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** TUESDAYT-shower 90 / 75MONDAYT-shower 91 / 73TODAYStray t-storm 90 / 72 Panama City News Herald Want to subscribe? Call 850-747-5050 $1.50 PANAMA CITY Sunday, August 5, 2018 @The_News_Herald 8 JOIN PRO FOOTBALL HALL OF FAME SPORTS | C1 LOCAL & STATE | B1STATE CANDIDATES, PANHANDLE RESIDENTS ENJOY WAUSAU FUNDAY Lifestyle .....................D1-6 Local & State ..............B1-17 Obituaries ..................B3-6 Sports........................C1-6 TV grid ........................B16 Viewpoints ..................E1-3 CELEBRATE COMMUNITY | D1REACHING OUTLocal superhero troupe seeking community connections LOCAL & STATE | B1EGLIN AFBDefense bill includes more than $100 million for area base By Barbara OrtutayThe Associated PressNEW YORK „ For a company bent on making the world more open, Facebook has long been secretive about the details of how it runs its social network „ particularly how things go wrong and what it does about them.Yet on Tuesday, Facebook rushed forward to alert Con-gress and the public that it had recently detected a small but sophisticatedŽ case of possible Russian election manipulation. Has the social network finally acknowledged the need to keep the world informed about the big problems its grappling with, rather than doing so only whendragged kicking and screaming to the podium?While the unprompted revelation does signal a new, albeit tightly controlled openness for the company, there is still plenty that Facebook isnt saying. Many experts remain unconvinced that this is a true culture change and not mere window dressing.This is all calculated very carefully,Ž said Timothy Carone, a business professor at the University of Notre Dame. He and other analysts noted Facebook opens up on vote meddlingBy Eryn Dion747-5069 | @PCNHErynDion edion@pcnh.comPANAMA CITY BEACH „ Kelly Zion might live in Ohio, but her heart belongs to Panama City Beach.Not just her heart either. Most of her free time and probably a lot of her money belongs there as well.Zion loves Panama City Beach. Really, really loves it. Her family comes down three or four times a year, traveling down well-worn roads and routes they know by heart. But beyond their regular pilgrimages to white sand beaches and a seventh-floor condo overlooking the Gulf of Mexico, beyond just a vacation destination, a place to put her feet in the sand, Panama City Beach is a hobby for Zion. Actually, more like a lifestyle.In 2016, Zion decided she loved Panama City Beach so much in fact, that she created a whole Facebook group about it called I Love Panama City BeachŽ „ since renamed to I Love Panama City Beach „ The Original Facebook GroupŽ to distinguish it from similar groups that have sprung up Hooked on PCBKelly Breedwell Zion stands on the balcony of a beachfront condo on Tuesday. She runs the I Love Panama City Beach Facebook gro up which has tens of thousands of members. [JOSHUA BOUCHER/THE NEWS HERALD] Community growing by leaps and bounds around Beach Facebook groupsBy Eryn Dion747-5069 | @PCNHErynDion edion@pcnh.comPANAMA CITY BEACH „ The first time Kelly Zion saw the Gulf of Mexico, her eyes werent quite ready.She was eight years old and, growing up in the Midwest, she never had seen anything as vast and moving as the Gulf before. Her eyes, and her brain, didnt quite know what to make of it.I couldnt really even see it,Ž she said.That visit launched a lifelong love of Panama City Beach, one that led Zion to start her own Facebook group, called I Love Panama City Beach „ the Original Facebook Group, thats now more than 70,000 members strong.While she works managing bookings for condos in Panama City Beach, Zions group „ the largest in the area „ is completely separate. In fact, she doesnt allow condos or booking agents to advertise on the page, and theres a completely separate group now to connect those looking for condos with people who have ones available.For FB group founder Zion, home is where the heart isSee ZION, A2 See PCB, A2 See FACEBOOK, A2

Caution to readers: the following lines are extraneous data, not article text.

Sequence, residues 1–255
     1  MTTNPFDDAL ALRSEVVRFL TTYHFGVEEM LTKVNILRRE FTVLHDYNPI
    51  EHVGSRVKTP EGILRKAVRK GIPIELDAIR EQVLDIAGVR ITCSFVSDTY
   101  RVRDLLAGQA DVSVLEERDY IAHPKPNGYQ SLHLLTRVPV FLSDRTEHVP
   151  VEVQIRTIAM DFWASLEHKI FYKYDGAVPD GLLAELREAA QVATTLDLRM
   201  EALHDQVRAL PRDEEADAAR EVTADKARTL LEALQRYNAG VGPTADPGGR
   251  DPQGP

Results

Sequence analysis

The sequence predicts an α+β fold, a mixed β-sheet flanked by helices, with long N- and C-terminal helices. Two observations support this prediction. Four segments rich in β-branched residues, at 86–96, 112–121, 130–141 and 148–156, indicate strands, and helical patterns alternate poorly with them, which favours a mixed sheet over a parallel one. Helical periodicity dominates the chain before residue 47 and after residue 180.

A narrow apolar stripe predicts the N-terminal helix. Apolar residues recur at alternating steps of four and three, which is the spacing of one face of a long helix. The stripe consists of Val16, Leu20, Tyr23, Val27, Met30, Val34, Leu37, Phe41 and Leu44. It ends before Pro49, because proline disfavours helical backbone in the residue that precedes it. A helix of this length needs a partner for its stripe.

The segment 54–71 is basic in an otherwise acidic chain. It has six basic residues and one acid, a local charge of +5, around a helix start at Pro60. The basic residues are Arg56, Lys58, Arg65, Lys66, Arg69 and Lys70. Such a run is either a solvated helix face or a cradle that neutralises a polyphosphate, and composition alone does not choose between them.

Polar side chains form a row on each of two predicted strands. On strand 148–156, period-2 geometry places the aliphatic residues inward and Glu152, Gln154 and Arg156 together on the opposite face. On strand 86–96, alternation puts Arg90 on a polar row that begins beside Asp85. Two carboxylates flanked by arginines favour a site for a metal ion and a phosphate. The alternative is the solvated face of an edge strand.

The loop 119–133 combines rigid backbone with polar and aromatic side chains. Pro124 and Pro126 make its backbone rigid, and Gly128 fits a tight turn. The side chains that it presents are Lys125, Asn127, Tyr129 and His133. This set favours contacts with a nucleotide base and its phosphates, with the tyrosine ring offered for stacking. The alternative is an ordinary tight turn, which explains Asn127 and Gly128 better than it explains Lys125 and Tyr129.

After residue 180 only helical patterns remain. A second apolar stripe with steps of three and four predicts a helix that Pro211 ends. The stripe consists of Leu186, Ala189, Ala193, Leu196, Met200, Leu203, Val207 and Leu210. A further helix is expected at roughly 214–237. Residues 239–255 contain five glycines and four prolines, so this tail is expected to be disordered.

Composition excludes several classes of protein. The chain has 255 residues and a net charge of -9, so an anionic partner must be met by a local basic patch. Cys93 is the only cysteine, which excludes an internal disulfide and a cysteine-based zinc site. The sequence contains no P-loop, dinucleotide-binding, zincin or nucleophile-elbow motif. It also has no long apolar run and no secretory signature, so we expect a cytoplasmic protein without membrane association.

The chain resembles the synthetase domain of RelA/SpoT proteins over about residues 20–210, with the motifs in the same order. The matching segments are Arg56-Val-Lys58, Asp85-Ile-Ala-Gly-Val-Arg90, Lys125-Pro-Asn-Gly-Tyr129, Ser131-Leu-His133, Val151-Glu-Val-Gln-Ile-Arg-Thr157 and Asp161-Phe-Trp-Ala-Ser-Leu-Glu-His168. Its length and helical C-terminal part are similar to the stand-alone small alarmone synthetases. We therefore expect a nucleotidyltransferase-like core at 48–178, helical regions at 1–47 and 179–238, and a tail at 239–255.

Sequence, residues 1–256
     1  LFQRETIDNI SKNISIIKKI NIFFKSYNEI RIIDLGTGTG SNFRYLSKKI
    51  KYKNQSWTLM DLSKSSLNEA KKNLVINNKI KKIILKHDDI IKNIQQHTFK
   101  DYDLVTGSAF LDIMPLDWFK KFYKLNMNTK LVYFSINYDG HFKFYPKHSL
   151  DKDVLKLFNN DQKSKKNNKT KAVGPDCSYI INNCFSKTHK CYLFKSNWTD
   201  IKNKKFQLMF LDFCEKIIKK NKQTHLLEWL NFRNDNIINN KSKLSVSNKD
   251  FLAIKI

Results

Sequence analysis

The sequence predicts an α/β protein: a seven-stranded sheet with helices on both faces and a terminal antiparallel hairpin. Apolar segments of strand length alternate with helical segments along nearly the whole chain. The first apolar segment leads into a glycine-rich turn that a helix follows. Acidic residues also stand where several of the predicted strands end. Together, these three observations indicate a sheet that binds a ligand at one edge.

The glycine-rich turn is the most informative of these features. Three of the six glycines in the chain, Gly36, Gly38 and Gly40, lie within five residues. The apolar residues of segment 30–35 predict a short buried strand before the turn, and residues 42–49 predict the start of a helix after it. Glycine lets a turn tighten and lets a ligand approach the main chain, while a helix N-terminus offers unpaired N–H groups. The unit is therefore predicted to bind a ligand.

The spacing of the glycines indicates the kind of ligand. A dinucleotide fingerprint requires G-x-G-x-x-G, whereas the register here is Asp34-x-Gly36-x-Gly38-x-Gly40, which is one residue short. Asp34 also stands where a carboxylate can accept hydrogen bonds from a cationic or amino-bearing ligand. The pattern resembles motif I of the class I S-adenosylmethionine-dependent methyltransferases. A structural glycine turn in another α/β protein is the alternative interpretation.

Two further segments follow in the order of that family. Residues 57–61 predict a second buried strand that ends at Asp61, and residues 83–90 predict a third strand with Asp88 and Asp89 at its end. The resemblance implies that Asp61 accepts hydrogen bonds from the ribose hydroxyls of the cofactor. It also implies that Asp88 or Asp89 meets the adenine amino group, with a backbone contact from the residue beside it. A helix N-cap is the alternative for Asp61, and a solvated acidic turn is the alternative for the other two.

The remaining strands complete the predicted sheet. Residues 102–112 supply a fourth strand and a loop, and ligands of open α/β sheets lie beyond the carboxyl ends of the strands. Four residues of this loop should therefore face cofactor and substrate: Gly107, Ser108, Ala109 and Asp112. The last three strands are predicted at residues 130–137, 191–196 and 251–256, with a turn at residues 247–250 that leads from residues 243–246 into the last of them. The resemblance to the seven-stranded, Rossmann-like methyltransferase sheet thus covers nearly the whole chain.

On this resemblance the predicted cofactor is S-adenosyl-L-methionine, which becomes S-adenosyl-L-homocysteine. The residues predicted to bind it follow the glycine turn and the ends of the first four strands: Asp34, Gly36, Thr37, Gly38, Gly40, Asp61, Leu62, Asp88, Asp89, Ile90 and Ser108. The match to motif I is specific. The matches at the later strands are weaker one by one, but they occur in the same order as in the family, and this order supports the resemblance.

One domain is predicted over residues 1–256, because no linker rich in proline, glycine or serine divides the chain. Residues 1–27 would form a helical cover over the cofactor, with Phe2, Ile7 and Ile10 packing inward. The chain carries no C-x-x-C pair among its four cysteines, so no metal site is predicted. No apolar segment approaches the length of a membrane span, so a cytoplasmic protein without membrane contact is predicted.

** A2 Sunday, August 5, 2018 | The News Herald NEWSROOM DIRECTORY Tim Thompson, Publisher .....................................850-747-5001 Mike Cazalas, Editor ..............................................850-747-5094 Shane Spence, Regional Operations Director .....850-747-5078 Robert Delaney, Regional Controller ....................850-747-5003 Michael McCabe, Advertising Sales Manager ....850-747-5082 Kathleen Smith, Advertising Digital Sales Manager ....850-747-5004 Roger Underwood, Regional Circulation Director ... 850-747-5049 CIRCULATION Missed Delivery: Call The News Herald at 850-747-5050 between 6 a.m. and 10 a.m. Monday Friday and 7 a.m. and 10 a.m. Saturday and Sunday. Make the News Herald a part of your daily life. Home delivery: Subscribe to 7-day delivery and get unlimited access to our website and digital edition of the paper. Customers who use EZ Pay will see, on their monthly credit card or bank statement, the payment has been made to Gatehouse Media. Online delivery: Take The News Herald with you when on the go, or go green by subscribing to an online replica edition of The News Herald and get unlimited access to our website. Go to to subscribe to digital only. Print delivery available within the newspaper distribution area only. By submitting your address and/or email, you understand that you may receive promotional offers from GateHouse Media and it related companies. You may opt out of receiving any such offers at any time by calling 850-747-5050. An additional one-time $5.95 activation fee applies. Due to the size and value of premium editions, there will be up to a $5.00 surcharge on each date of publication of any premium edition. However, rather than assess an extra charge for premium editions, we will adjust the length of your subscription, which accelerates the expiration of your subscription, when you received these premium editions. There will be no more than 2 premium editions per month. ADVERTISING To place a display ad, call 850-747-5030 Monday through Friday 8 a.m. to 5 p.m. To place a classi“ ed ad, call 850-747-5020. SINGLE COPIES Daily, 75 cents; Sunday, $1.50. DID WE MISS YOU? If we missed you, we want to correct the oversight. For redelivery: Call The News Herald at 850-747-5050 between 6 a.m. and 10 a.m. Monday through Friday and 7 a.m. and 10 a.m. Saturday and Sunday. COPYRIGHT The entire contents of The News Herald, including its logotype, are fully protected by copyright and registry and cannot be reproduced in any form for any purpose without written permission from The News Herald. Published mornings by The Panama City News Herald (USPS 419-560), 501 W. 11th St., Panama City, FL 32401. Periodicals postage paid at Panama City, FL. Postmaster: Send address changes to The News Herald, P.O. Box 2060, Panama City, FL 32402Setting it straight It is the policy of The News Herald to correct all errors that appear in news stories. If you wish to report an error or clarif y a story, call 747-5070.P.O Box: 1940, Panama City, FL 32402 | Address: 501 W. 11th St. Panama City Fl, 32401 | Phone: 850-747-5000 | WATS: 800-345-8688 | Online: PANAMA CITY In the several years its been active, Zion has watched the groups membership grow and grow and grow, until it out-paced any other similar group in the region by quite a lot.I never thought it would get as big as it did,Ž she said. Zions love of Panama City Beach started in the soft white sand and emerald waters of the Worlds Most Beautiful Beaches and stretches outward to the restaurants and businesses and, most importantly, the people. Its what keeps her family coming back several times a year. And its what made loving Panama City Beach a requirement for her husband, who never had been before they met but now loves it just as much as she does. Zion might live out of state, but her center is in Panama City beach. This is home,Ž she said. ZIONFrom Page A1in its wake. While there are others, Zions group is by far the largest, both locally for Panama City Beach and throughout the state for other locations. At 70,903 members, I Love Panama City Beach has about five times as many members as people who actually live there.It has been absolutely amazing watching it grow,Ž Zion said.Amazing and, at times, amazingly overwhelming. Unlike some of the other large Facebook groups in the area, like Lets Talk DestinŽ which has 14,158 members, I Love Panama City Beach is a closed group. Prospective members have to apply to join and be approved by an administrator or moderator, and Zion actually vets as many of those prospects as possible. If you dont love Panama City Beach, or if youre a troll, a fake account or someone trying to sell something, she said, you dont get in.Beyond managing new members, the hundreds of new posts each day have to be approved, and Zion even moderates in the com-ments, jumping in to keep the peace when needed, or encourage more responses if thats needed.It takes up just about all of my free time,Ž Zion admits, adding that its usu-ally the first thing she does in the morning and probably the last thing she will do in a day.While the concept of Facebook groups isnt a new one, the concept of a Face-book group driving tourism in an area is, in some ways, uncharted territory, and could be seen as the next natural step in a trend thats been playing out during the past several years, with consumers moving from marketing-driven decisions to review-driven decisions. No longer are consumers reliant upon marketing „ ads, commer-cials, pamphlets, posters etc. „ but through such sites as Yelp and TripAdvi-sor potential customers can tap into other users experi-ences when deciding where to go for dinner or who to book for an excursion. Even Google and Facebook have added functions for users to leave reviews and those reviews are extremely valu-able. So valuable that, at the most extreme end, business owners have sued custom-ers over bad reviews.A Facebook group, though, adds a new dimension. Rather than leave a review and walk away like on most sites, the review and recom-mendation process becomes more of a conversation. Members can ask how a wait at a restaurant is and get an answer in real time, from people at that restaurant. Or they can ask who has the best oysters, shrimp, fried chicken, seafood buffet, pontoon rental or charter fishing trip and almost in an instant have dozens of responses, each one usually coming with a personal com-ment. At any moment in the groups you can find people essentially crowdsourc-ing where they should go to dinner or how they should spend their vacation.People can read on Google, but if you can have a conversation about some-thing, they really do like it a lot,Ž said Chris Jennings, who runs his own Facebook group, All Things Panama City Beach, which in about a year has amassed 11,748 members.Jennings said his group, and others like it, have been great for local business. As a local real estate broker/ paddle board excursion guide, Jennings has been able to make his living here and for him, the group is a way to give back to the area.Its been so good to us,Ž he said. I kind of want to keep people coming back and engaged.ŽZion said shes heard from local business owners about how her group has helped drive business. One of the reasons she started the group beyond her love of Panama City Beach, was to help bring business back to places that were struggling under the Spring Break laws introduced in 2015, which cut into a large part of the March market. Her I Love Panama City Beach group regularly hosts giveaways with local businesses and even will partner with them to offer discounts to group members.For local businesses, like C-Level Grill on Thomas Drive, groups like I Love Panama City Beach have been a real boon. Open since 2010, owner and manager Chaz May said that for years, his business was primarily based on locals. As a relatively small outfit, May said they dont have the money some of the larger restaurants have to spend on marketing. But as the group grew, C-Level started getting mentions, with locals, and eventually tourists, recommending the restaurant for those looking for something a little off the beaten path. Now, a search of C-Level in I Love Panama City Beach brings up dozens of posts and hundreds of comments.The results, May said, have been dramatic. His restau-rant used to never have wait times, he added. This past season, the line to be seated regularly has been more than an hour long.Its given us a voice when we didnt have one,Ž May said. Its been a blessing.ŽBut great membership also comes with great responsibility. Zion is incredibly diplomatic when asked about places she doesnt like and is quick to defend places locals will disparagingly call tourists traps,Ž remarking that theyre popular for a reason.ŽI dont want to be respon-sible for 50,000 people never going to a place again,Ž she said.Beyond just the busi-ness aspect, though, theres a real personal aspect to these Facebook groups. Zion said shes started to be recognized while shes out and about on vacation, and holds meet-and-greets with members at restaurants when shes down. Shes met dozens of new friends, and knows people within the group who have connected over their love of Panama City Beach.The group also has helped foster some amazing momentsand has been a platform to share amazing stories. Members helped secure a Gulf-front condo for a dying man whose last wish was to see the water, and helped the story of a wheelchair-bound man who hadnt left his hometown in 20 years but took a trip last month to see the beach for the first time go viral, with news networks across the globe picking up the story. On a more everyday basis, members post about receiv-ing their coveted I Love PCBŽ stickers in the mail, and if someone who loves Panama City Beach cant travel down because of illness or hardship, Zion will try to send them a necklace with a vial of white sand from the beach, so they can carry it with them. The groups also are places where social media can serve its original purpose, Jennings said, of being a platform for people-generated content. With so much of Facebook newsfeeds taken up by spon-sored posts, advertisements, fake news and political argu-ments, All Things Panama City Beach or I Love Panama City Beach are spaces mem-bers can control and spaces they can go to get away from all of the noise and just look at pictures of the beach if they choose.In a group, thats what you control,Ž Jennings said.Its a place for people to go who want to weed some of that negative out and get some of that personal inter-action,Ž he continued. I have a lot of people tell me that this group is the first thing they look at every morning.ŽFor now, both groups, and others like them, continue to grow at a rapid pace. During the course of writing this article, I Love Panama City Beach added 40 members, its membership now at 70,943. By the time you read this article, its membership will be more than 71,000. PCBFrom Page A1 that Facebook announced its discovery of 32 accounts and pages intended to stir up U.S. political discord just a week after the companys stock dropped almost 20 percent „ its worst plunge since going public.But Facebooks proactive disclosure, including a con-ference call for reporters with chief operating officer Sheryl Sandberg, struck a markedly different tone from the com-panys ham-handed approach to a string of scandals and setbacks over the past two years. That has included:€ CEO Mark Zuckerbergs infamous dismissal of the idea that fake news on Facebook could have influenced the 2016 election as a pretty crazy ideaŽ;€ The companys foot-drag-ging as evidence mounted of a 2016 Russian election-interference effort conducted on Facebook and other social-media sites;€ Zuckerberg, again, declin-ing for nearly a week to publicly address the privacy furor over a Trump campaign consultant, Cambridge Analytica, that scavenged data from tens of millions of Facebook users for its own election-influence efforts.A chastened Facebook has since taken steps toward trans-parency, many of them easy to overlook. In April, it published for the first time the detailed guidelines its moderators use to police unacceptable mate-rial. It has provided additional, if partial, explanations of how it collects user data and what it does with it. And it has forced disclosure of the funding and audience targeting of political advertisements, which it now also archives for public scrutiny.All of that is in keeping with the image of Facebook that Zuckerberg relentlessly promotes. In his telling, the giant, data-and-ad-driven social net-work is a force for good in the world that must now reluctantly do battle with bad actors,Ž such as Russian agents, who threaten Facebooks noble mis-sion of connecting the world.ŽSolving such problems, in Facebooks view, is mostly a matter of more investment, more hard work, more hires, and better technology „ par-ticularly artificial intelligence.And Facebooks newfound passion for openness only goes so far. Of the 32 apparently fake accounts and pages it found, it only released eight to research-ers. In a conference call this week, executives declined to characterize the accounts, even in terms of whether they leaned right or left. Facebook left it to researchers at the nonprofit Atlantic Council, a think tank that is helping the company on election interference, to draw those conclusions.Facebook said its timing was motivated by an upcoming protest event in Washington that was promoted by a suspicious page connected to a Russian troll farm, the Internet Research Agency. Several people connected to the IRA have been indicted by the U.S. special counsel for attempting to interfere in the 2016 election.Despite Zuckerbergs repeated mantra „ delivered to relentless effect in some 10 hours of testimony before Congress in April „ that the company now really gets it, some who know the company best have their doubts.David Kirkpatrick, the author a Facebook history, argues that neither Zuckerberg nor Sandberg have ever shown themselves to be deeply alarmed in public.Ž As a result, he suggests, Facebook seems more concerned with manag-ing its image than with solving the actual problem at hand. Such issues run deep for the company. Some of its biggest critics, including former employees such as Sandy Parakilas and early Facebook investor Roger McNamee, say the company needs to revamp its business model from the ground up to see any mean-ingful change.These critics would like to see Facebook rely less on tracking its users in order to sell targeted advertising, and to cut back on addicting features such as endless notifications that keep drawing people back in. Parakilas, for example, has advocated for a subscription-based model, letting users pay to user Facebook instead of having their data harvested.Merely hiring more modera-tors, or hanging hopes on the evolution of artificial intelligence, isnt going to cut it, in their view. There have also been widespread calls for Face-book to acknowledge that it is, in a sense, a media company, responsible for what happens on its platforms „ a characterization the social network has long fought. For all that, Facebook is well ahead of Silicon Valley rivals such as Google and Twitter when it comes to openness „ even if only because its attracted the lions share of criticism, said Paul Levinson, a media studies professor at Fordham University.But Facebook cant win at this game,Ž said Siva Vaidhya-nathan, a University of Virginia professor of media studies whose 2018 book Antisocial MediaŽ critiques Facebooks effect on democracy and society. Because its so huge „ 2.2 billion global users and counting „ and so difficult to police, he said, it will always be vulnerable to hijacking and will never completely clean up its content.ŽWorse, he says, there is no real solution. It is hopeless,Ž he said. The problem with Facebook is Facebook.ŽConference workers speak in front of a demo booth April 18, 2017 at Facebooks annual F8 developer conference, in San Jose, Calif. [ASSOCIATED PRESS FILE PHOTO] FACEBOOKFrom Page A1